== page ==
The Congressional swamp has surrounded itself with a legal apparatus known as the Congressional Accountability Act of 1995. This law was designed to protect sex offenders in the U.S. Senate, the U.S. House of Representatives, and other federal agencies from public scrutiny. Congress has also been funding a U.S. Treasury account to pay claims for congressional acts of sexual harassment and other discrimination claims.
Until recently, the political establishment on both sides of the aisle kept the morally problematic aspects of the law from the public. Earlier this month, Laura Ingraham, Fox News host of The Ingraham Angle, revealed in her report that Congress has been using taxpayer funds to settle sexual harassment claims against members of Congress and other federal employees. Ingram reported that over $15 million in taxpayer funds have been paid to settle the claims.
The Congressional Accountability Act of 1995 willfully created the ability of Congress and other employees under the jurisdiction of the Office of Compliance (OOC) to have their acts of sexual harassment and related settlements concealed from the taxpayer.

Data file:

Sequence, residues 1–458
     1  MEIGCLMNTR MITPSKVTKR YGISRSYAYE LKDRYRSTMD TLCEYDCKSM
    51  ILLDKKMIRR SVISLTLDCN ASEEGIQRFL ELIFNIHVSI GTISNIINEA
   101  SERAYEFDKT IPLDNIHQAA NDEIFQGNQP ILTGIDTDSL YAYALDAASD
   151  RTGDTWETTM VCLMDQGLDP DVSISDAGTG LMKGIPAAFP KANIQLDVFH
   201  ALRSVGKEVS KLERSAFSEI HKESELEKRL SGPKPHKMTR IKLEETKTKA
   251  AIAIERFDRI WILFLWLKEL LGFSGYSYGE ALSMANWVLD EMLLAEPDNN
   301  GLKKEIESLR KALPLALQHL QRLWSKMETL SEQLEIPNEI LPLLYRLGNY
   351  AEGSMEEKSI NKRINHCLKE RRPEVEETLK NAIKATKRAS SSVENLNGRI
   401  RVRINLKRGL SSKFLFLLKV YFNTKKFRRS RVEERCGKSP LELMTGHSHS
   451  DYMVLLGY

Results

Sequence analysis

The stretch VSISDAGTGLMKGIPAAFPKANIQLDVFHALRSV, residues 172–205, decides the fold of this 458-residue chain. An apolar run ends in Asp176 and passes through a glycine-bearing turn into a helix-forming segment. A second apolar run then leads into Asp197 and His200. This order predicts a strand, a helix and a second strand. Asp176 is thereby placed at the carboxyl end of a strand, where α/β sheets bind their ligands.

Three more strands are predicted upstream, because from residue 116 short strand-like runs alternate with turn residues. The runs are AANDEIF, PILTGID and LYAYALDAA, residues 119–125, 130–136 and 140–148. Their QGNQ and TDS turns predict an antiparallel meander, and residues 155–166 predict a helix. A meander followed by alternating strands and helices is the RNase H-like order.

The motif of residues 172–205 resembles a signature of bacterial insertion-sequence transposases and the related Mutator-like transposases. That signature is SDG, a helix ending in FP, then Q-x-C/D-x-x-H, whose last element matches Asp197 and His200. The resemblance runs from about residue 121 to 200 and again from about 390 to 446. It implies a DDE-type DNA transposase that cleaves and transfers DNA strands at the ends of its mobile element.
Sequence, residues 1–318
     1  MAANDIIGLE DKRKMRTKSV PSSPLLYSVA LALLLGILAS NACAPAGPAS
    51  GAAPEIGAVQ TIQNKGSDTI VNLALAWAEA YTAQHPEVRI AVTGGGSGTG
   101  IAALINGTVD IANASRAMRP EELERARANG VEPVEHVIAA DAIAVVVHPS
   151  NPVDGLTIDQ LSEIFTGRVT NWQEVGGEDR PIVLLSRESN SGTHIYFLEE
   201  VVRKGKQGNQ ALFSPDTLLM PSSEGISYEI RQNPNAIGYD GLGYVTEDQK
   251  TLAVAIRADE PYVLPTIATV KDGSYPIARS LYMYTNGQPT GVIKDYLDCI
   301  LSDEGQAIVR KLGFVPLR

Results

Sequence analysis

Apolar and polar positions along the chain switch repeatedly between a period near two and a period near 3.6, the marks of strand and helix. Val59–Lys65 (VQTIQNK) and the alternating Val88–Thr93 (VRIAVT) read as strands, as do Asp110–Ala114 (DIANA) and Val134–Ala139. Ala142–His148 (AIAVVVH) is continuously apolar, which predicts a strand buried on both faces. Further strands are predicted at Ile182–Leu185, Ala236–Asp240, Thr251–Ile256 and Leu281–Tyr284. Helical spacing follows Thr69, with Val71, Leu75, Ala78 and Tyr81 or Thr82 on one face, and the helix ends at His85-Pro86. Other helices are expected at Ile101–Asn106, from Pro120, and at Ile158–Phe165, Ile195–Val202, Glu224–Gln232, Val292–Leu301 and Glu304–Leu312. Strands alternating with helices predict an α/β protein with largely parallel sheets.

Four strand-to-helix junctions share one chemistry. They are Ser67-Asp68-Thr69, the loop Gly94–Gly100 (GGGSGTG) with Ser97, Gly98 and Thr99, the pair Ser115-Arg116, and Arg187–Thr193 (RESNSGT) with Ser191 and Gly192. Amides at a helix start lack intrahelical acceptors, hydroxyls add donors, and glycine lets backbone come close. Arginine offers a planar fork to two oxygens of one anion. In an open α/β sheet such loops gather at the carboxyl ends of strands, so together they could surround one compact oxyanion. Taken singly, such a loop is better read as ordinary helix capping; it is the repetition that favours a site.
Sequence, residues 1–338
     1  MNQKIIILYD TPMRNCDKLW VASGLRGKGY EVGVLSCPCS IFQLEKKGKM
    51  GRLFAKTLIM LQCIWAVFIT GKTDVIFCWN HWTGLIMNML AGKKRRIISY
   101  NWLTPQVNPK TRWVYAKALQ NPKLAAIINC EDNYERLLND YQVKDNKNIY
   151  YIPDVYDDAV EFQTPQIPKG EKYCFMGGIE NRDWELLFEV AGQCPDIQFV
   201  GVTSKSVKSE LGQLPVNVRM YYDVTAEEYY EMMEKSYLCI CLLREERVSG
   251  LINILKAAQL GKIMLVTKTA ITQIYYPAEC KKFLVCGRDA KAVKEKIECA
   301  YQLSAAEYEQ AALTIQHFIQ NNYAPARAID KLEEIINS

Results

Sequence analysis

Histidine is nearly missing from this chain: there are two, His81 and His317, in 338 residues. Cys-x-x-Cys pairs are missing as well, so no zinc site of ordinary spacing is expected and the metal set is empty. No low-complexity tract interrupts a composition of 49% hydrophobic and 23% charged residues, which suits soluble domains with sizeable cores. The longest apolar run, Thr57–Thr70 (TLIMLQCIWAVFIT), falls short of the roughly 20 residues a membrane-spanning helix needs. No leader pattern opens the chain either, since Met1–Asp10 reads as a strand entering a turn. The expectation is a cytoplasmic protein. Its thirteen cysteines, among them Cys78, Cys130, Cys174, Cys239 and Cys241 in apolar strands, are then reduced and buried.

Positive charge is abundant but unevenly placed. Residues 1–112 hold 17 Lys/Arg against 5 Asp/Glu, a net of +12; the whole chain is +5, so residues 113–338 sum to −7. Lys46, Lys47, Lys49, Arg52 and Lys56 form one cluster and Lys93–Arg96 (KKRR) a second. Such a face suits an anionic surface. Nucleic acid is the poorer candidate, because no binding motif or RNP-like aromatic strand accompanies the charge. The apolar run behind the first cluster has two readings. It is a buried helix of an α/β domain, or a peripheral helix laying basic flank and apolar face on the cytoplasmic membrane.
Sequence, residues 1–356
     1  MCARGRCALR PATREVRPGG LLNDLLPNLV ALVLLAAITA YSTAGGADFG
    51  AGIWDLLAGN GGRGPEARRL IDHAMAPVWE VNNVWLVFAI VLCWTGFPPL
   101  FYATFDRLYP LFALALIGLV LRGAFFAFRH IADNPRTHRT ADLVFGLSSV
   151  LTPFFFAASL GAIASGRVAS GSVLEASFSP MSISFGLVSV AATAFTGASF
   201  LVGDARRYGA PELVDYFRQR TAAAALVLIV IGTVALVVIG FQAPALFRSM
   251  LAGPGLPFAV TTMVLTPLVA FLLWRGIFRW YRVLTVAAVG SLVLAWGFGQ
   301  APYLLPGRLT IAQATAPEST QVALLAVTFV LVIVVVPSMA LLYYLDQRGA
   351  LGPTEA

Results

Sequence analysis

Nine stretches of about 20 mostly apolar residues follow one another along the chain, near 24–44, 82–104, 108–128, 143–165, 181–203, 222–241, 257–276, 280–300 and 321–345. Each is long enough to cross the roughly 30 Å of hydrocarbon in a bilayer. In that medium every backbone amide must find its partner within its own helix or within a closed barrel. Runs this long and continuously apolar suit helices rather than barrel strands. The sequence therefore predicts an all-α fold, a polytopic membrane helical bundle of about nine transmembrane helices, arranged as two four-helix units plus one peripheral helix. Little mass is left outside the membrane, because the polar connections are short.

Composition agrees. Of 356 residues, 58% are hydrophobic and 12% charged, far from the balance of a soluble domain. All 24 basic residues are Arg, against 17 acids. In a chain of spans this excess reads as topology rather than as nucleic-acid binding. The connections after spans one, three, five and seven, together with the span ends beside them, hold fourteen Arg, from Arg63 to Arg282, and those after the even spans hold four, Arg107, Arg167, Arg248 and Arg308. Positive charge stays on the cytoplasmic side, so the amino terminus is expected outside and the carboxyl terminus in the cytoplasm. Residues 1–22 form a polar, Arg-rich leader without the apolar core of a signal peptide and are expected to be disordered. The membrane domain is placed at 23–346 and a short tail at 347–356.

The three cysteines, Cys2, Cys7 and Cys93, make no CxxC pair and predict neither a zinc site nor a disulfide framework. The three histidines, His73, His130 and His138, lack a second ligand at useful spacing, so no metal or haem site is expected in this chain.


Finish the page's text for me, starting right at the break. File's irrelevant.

As an act of government responsibility, accountability, and transparency, release the names of Congressional members and other employees who remediated and settled sexual harassment claims under the OOC, along with the amount of claims paid from the U.S. Treasury.
During President Bill Clinton’s first administration, Sen. Chuck Grassley (R-IA) sponsored the Congressional Accountability Act of 1995. This legislation created the political apparatus for members of Congress to cloak sexual harassment settlements in a shroud of secrecy. The bill was introduced on January 4, fast-tracked through the Senate and the House, and signed into law by Pres. Clinton on January 23. See the existing members of Congress who voted for this bill as well as a video of the press conference led by Sen. Grassley the day before he presented the bill.
The United States Congress Office of Compliance (OOC) Board issues legal rulings related to sexual harassment claims. Financial settlements for sexual harassment reached by the OOC must be approved by the chairman and ranking member of the House Administration Committee, who is Rep. Gregg Harper (R-MS). He would approve any disbursements from the U.S. Treasury for OOC settled claims for sexual harassment.